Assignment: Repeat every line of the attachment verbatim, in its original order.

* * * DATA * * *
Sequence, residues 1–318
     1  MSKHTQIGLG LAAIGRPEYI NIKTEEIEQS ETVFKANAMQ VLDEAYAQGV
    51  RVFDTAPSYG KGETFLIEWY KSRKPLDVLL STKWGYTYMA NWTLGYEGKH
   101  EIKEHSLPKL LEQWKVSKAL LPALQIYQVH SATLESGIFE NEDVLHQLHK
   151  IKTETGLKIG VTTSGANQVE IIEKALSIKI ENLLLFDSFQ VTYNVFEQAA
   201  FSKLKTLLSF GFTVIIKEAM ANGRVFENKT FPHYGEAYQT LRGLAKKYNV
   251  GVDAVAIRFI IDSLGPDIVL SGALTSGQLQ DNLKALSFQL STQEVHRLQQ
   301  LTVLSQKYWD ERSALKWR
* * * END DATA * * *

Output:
Sequence, residues 1–318
     1  MSKHTQIGLG LAAIGRPEYI NIKTEEIEQS ETVFKANAMQ VLDEAYAQGV
    51  RVFDTAPSYG KGETFLIEWY KSRKPLDVLL STKWGYTYMA NWTLGYEGKH
   101  EIKEHSLPKL LEQWKVSKAL LPALQIYQVH SATLESGIFE NEDVLHQLHK
   151  IKTETGLKIG VTTSGANQVE IIEKALSIKI ENLLLFDSFQ VTYNVFEQAA
   201  FSKLKTLLSF GFTVIIKEAM ANGRVFENKT FPHYGEAYQT LRGLAKKYNV
   251  GVDAVAIRFI IDSLGPDIVL SGALTSGQLQ DNLKALSFQL STQEVHRLQQ
   301  LTVLSQKYWD ERSALKWR